If I may be permitted to respond to the hon. Member for Linlithgow (Mr. Dalyell) for just one, or perhaps two, sentences, the Iranian leader said that he saw no suggestion whatever of movement from the Iraqi leaders. Also, the Gulf support groups deserve recognition. They are doing honourable work.
I do not wish to take away from any hon. Member the opportunity to put forward his or her view as often as possible on subjects of interest, but I take family policy seriously. I first introduced a debate on it 13 years ago and did so a second time in 1982. I felt that it was an intrusion in the general feeling in the Chamber today for the hon. Gentleman to use the opportunity to raise again issues which he has other opportunities to raise.
§ Mr. Bottomley
Will the hon. Gentleman please not interrupt my speech? I did not interrupt his.
There are 11 million children under the age of 16 in Britain. They and their parents could make good use of a debate on family policy which lasts only for three and a half hours. Among those children are some whom I would call the children of the state. I shall return to them on a different day. They are children in care, children in penal institutions and children whose life chances have been blighted, not because they have experienced failure but because they and their parents have never experienced success. They are the groups who deserve more attention. One cannot dwell on them in this debate except to say that the marvellous work of, among other organisations, the Children's Society, with its central London project, shows that 40 per cent. of children under the age of 16 who are at risk of being drawn into child prostitution are formally under a care order. They are children of the state; they are under the care of local authorities. The system is failing them. It is a double failure. The first failure is that the children have to be taken away from their families in the first place. The second is that they run away from the caring institutions of the local authority. We should pay more attention to the children of the state. They are a sign of how our emergency services are needed and how they sometimes fail.
I prefer to deal now with the way in which the family perspective and life cycle is brought in to social and economic policy. I could not have improved on the motion tabled by my hon. Friend the Member for Portsmouth, South (Mr. Martin). The word "well-being" is a good way 57 of bringing together welfare and material well-being without implying that either the definition of welfare or simply more material goods is necessarily the answer.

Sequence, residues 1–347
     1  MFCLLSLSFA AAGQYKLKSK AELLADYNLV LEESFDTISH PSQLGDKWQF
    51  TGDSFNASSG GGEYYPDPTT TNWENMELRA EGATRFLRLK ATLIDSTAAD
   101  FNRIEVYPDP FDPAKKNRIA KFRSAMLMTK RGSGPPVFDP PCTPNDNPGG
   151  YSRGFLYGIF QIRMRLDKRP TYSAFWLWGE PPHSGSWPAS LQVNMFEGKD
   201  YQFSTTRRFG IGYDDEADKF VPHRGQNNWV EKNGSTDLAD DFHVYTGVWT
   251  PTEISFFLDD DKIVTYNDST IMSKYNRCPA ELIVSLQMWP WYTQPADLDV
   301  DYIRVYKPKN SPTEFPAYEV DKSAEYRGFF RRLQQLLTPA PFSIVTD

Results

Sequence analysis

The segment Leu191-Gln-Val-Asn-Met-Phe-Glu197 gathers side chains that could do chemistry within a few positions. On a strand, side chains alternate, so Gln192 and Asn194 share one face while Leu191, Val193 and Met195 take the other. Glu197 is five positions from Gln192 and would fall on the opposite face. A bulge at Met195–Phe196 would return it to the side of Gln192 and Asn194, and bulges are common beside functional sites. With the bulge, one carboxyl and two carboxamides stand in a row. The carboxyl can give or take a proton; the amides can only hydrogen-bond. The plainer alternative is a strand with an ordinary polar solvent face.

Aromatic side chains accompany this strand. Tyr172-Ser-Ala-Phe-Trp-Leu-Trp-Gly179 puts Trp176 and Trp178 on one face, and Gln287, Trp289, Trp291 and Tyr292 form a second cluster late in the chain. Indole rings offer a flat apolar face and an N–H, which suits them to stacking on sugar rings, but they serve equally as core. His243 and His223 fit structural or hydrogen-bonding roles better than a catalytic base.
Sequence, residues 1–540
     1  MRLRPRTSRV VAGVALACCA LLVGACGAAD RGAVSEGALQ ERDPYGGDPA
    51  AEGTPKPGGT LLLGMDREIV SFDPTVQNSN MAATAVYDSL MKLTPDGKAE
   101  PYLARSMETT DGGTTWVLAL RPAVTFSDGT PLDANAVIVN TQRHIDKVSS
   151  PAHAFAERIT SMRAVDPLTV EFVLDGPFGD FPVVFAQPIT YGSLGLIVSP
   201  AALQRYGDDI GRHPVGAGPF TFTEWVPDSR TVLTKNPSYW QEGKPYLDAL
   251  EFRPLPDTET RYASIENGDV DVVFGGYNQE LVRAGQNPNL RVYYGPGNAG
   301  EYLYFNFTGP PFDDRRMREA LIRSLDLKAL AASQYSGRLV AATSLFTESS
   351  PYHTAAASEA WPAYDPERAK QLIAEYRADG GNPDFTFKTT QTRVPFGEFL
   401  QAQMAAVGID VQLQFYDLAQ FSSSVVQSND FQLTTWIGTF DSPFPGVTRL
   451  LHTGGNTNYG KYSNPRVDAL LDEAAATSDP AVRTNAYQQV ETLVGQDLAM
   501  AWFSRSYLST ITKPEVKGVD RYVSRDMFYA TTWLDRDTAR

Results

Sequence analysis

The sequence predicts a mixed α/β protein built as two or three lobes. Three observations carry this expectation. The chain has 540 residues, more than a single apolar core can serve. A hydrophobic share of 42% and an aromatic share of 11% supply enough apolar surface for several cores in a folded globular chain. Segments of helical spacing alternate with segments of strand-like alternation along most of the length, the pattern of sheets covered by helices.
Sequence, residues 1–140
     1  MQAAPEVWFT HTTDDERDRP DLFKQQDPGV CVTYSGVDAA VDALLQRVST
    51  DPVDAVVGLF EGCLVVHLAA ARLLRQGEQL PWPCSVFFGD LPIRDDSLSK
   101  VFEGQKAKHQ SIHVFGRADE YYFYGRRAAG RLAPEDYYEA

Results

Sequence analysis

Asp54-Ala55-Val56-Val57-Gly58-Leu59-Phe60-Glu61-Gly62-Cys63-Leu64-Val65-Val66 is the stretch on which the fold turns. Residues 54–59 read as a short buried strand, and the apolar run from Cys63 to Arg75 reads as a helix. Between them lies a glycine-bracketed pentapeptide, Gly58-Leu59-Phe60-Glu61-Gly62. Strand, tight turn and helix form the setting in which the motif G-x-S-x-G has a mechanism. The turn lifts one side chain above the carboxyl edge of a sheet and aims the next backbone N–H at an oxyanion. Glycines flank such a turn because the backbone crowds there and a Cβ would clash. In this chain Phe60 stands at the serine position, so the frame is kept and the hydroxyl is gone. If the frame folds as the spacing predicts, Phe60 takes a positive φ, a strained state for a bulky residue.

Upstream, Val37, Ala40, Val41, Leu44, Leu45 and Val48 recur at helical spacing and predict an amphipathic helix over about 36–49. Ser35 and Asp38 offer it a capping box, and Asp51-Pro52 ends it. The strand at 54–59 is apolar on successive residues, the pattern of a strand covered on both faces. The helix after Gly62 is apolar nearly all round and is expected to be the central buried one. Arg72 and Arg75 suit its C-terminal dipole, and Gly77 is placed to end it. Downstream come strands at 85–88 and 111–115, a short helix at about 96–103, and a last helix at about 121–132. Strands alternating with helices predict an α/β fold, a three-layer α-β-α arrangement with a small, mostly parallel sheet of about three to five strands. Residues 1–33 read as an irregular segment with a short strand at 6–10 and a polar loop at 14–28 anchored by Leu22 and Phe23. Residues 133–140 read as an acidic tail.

All the way through, from Rowntree in 1901, to the Beveridge report in 1942 and the work of Margaret Wynn, who in 1970 wrote the first book "Family Policy" in Britain, we have had to recognise that no caring services work unless they build on the aspirations and reflect the interests of ordinary people in Britain.
Ferdinand Mount, to whom I wish success as editor of The Times Literary Supplement which competes with Auberon Waugh's Literary Review, wrote a book in 1982–83 entitled "The Subversive Family". It showed that every major institution, whether Church or state, -ism or -wasm, which began by seeking to destroy the influence of the family had to recognise that the family had more continuity of power and ambition than ideology could compete with. Eventually the ideology, whether Christianity or Marxism, had to adopt the family rather than seek to supplant it.
There is no driving force on this earth as powerful as the ambitions and aspirations of the urban working class. I could go a stage further. Perhaps I will obtain the assent of the hon. Member for Linlithgow. By considering the family perspective and whether the family's life cycle comes into social and economic policy, we can unite Muslim and Christian, urban and rural, north and south, and rich and poor. In no other way is there any continuity of interest between generations with which people can identify, whatever their ethnic or other background.
The family brings together people who are Catholic and non-Catholic in Northern Ireland. It brings together people of all backgrounds in our inner cities. It rightly shows that, although we may not all have children, and celibacy is not an inherited condition, we have all been brought up by parents or parent substitutes. Caring for children and our elderly parents is something which we all have in common. The state can never be a substitute; strength comes from building on the confidence and competence of ordinary people in Britain.
My right hon. Friend the Member for Finchlcy (Mrs. Thatcher) said in the best speech at the UNICEF debate in New York on 30 September last year:for children the family is the most important factor in their lives".The same applies to many elderly people, especially the frail elderly, whose children look after them in their turn. It is part of the inter-generation contract. She continued:The dominant influence on a child's health is the family…The dominant influence on a child's behaviour is the family…The dominant influence on the success of a child's education is the interest taken by the family in the work of the teacher and the school.The most important thing that we can do as parents…after looking after the material needs of our children, is to give our children our time, our affection and our wise counsel.